Prospective employees in California and around the country who are considered lawful permanent residents of the United States are not required to show their green cards as part of the hiring process. The Office of Special Counsel for Immigration-Related Unfair Employment Practices of the U.S. Department of Justice came to a settlement with a landscaping company that required its immigrant employees to provide their green cards as part of the process of employment verification.
The company will undergo monitoring and reporting and will be fined thousands of dollars. It will also be required to undergo anti-discrimination training.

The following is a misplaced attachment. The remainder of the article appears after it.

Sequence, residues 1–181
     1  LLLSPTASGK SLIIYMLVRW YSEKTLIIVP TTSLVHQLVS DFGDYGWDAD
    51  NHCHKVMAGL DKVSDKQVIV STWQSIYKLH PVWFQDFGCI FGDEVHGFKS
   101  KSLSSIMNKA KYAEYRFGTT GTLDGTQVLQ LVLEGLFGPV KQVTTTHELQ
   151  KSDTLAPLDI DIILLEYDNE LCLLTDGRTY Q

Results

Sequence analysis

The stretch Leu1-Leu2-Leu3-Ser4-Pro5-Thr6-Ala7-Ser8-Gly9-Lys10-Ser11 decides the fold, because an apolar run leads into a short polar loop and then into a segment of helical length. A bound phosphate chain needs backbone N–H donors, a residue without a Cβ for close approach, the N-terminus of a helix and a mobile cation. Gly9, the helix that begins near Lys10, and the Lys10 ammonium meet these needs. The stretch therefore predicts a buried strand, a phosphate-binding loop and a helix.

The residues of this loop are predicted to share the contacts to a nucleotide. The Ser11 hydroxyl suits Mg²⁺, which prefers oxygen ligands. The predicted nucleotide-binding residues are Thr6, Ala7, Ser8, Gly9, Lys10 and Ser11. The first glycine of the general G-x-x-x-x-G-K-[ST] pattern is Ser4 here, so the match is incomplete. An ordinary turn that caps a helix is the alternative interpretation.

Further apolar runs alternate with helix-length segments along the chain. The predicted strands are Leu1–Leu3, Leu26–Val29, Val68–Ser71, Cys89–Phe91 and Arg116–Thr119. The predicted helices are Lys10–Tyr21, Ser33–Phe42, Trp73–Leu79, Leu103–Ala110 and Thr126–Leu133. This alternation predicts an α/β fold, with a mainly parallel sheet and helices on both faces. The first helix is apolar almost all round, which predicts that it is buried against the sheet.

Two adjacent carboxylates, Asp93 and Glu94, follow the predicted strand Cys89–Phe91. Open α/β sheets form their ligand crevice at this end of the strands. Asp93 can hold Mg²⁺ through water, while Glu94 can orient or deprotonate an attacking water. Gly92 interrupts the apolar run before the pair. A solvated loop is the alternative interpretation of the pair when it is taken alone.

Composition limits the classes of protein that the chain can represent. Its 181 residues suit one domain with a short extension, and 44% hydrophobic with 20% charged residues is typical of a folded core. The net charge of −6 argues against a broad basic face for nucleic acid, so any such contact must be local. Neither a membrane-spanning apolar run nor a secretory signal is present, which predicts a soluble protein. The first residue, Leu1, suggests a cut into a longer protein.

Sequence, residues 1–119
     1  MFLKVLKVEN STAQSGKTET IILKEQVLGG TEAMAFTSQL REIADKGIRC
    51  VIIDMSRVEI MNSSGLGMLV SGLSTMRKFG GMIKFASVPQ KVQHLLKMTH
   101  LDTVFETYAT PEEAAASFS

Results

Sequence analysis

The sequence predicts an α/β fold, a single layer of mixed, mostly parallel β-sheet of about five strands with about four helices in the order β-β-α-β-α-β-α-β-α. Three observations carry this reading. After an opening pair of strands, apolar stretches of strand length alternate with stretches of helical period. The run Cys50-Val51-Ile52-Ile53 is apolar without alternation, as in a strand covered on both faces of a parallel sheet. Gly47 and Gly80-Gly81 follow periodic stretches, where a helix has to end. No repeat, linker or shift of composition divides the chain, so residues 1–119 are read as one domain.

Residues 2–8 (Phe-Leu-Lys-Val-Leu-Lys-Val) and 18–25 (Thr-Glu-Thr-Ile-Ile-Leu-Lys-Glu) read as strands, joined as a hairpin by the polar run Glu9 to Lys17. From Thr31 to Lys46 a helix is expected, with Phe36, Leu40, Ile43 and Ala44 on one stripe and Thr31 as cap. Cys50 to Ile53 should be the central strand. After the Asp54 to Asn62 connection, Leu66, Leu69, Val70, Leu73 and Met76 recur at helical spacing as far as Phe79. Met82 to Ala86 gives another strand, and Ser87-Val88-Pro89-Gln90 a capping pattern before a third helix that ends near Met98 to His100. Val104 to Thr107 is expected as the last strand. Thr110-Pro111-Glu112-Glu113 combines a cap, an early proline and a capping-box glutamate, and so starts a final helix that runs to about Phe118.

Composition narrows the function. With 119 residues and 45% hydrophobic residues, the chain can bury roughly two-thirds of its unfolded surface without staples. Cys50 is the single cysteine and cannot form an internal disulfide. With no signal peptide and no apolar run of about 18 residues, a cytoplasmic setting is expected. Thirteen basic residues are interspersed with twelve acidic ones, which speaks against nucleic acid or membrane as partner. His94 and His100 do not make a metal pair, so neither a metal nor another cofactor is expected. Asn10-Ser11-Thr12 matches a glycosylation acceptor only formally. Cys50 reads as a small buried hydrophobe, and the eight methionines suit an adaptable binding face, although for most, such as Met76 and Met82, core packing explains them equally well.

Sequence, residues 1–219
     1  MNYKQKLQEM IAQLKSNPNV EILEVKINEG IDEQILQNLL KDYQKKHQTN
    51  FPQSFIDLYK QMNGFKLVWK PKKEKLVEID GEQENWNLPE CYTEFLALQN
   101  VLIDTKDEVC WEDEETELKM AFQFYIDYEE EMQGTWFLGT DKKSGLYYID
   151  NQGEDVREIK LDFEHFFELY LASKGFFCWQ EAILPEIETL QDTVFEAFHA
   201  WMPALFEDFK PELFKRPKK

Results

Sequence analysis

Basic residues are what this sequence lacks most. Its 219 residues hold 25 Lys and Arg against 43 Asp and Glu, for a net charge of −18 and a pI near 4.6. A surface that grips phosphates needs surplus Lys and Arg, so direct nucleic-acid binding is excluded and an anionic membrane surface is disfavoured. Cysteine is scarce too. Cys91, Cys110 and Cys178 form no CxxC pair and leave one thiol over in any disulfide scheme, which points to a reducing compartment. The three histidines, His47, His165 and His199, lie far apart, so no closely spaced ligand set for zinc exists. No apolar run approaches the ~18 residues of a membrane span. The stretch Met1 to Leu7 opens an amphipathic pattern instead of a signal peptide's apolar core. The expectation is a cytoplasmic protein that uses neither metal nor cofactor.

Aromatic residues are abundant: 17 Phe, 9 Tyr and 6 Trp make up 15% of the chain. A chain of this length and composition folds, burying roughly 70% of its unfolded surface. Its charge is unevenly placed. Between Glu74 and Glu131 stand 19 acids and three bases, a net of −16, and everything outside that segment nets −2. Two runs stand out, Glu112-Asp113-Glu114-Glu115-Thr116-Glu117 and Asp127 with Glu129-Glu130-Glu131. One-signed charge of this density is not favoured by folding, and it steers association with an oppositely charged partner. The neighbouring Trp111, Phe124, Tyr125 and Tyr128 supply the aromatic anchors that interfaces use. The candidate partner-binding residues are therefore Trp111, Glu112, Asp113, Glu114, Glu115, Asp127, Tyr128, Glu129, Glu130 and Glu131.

Employers are not permitted to burden their workers with extra documentary requirements based on their citizenship status. Form I-9, which verifies eligibility for employment, lists a number of different documents that individuals can use to prove their eligibility, and lawful permanent residents can choose from other documents besides their green cards. Requiring an individual to produce a green card is discriminatory. Furthermore, an expired green card does not indicate that a permanent resident is no longer eligible for employment although it may not be usable as a form of identification.
People are protected against many types of discrimination in the workplace, and this includes treatment that is based upon national origin as well as discrimination due to an individual’s religion, gender or race. Discrimination may take many forms including a refusal to hire, a denial of a promotion or termination. People who feel they are facing discrimination should document the incidents if possible, and they then may find it advisable to discuss their situation with an employment law attorney.